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The Downbeat #1191: The Greed Is Good Edition

In which we talk about Gordon Hayward. A lot. Including thoughts from Zach Lowe, Marc Stein, the SLC Dunk community, and more.

Maddie Meyer

There's not much more I can say about last night's loss to the Nets. I tweeted early on that I had a bad feeling about the matchup, and that was proved correct. So let's not dwell any further on it.

Instead, let's talk about what everyone is still talking about anyway: Gordon Hayward's impending restricted free agency. While our own Peter J. Novak has written a thorough summary of what the lack of an extension means for Hayward going forward, other national writers have begun chiming in.

(You know who I'm about to quote next.)

If Hayward jumps a level this season, the Jazz might well value him at something like $12 million per year. A rival team drooling over that jump in play might hit Hayward with the dreaded max offer sheet, but is Utah really going to let Hayward walk away over a $2 million valuation gap? The Jazz are about as flexible as it gets, flush with cap space even after extending Favors. They can afford to swallow hard and overpay.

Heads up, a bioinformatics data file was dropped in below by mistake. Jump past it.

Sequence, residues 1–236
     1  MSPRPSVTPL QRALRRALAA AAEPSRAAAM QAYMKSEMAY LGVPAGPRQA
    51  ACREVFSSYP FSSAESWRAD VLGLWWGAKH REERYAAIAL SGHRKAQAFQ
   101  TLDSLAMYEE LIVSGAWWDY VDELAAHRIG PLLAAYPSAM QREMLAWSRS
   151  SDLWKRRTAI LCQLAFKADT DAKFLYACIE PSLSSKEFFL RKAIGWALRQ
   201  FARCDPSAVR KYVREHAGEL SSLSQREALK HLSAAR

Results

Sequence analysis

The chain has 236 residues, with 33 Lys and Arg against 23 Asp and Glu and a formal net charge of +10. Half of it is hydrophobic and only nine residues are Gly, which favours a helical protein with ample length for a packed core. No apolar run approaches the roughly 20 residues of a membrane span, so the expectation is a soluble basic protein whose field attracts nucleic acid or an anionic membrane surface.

[But] Hayward isn't there yet, and he's the kind of player who can get squeezed in free agency. Of the 19 guys who have received extensions in the last three years, all but five have been either big guys or point guards. That leaves five wing players — a cheapie (Pondexter), a budding star (George), a clear franchise guy (James Harden), DeMar DeRozan, and Danilo Gallinari. The Jazz might be betting Hayward's value comes in closer to the DeRozan/Gallinari/Jeff Green range — between $9 million and $11 million per season. If so, they made the right call letting Hayward walk in free agency, assuming he demanded more than that.

Zach Lowe's whole piece is highly recommended reading. He puts the Hayward negotiations in an interesting league-wide context.

The bottom line for me is that I really don't see Hayward getting that max deal from another team. If he does, it means he will have earned it with his play this season, in which case the Jazz can happily match. I think this is a rare case where -- as another famous Gordon once said -- greed is good for both sides.

On the other hand, ESPN's Marc Stein is convinced that Hayward will receive a max deal from some other team, and in that case, the Jazz were unwise not to lock down a contract before Halloween: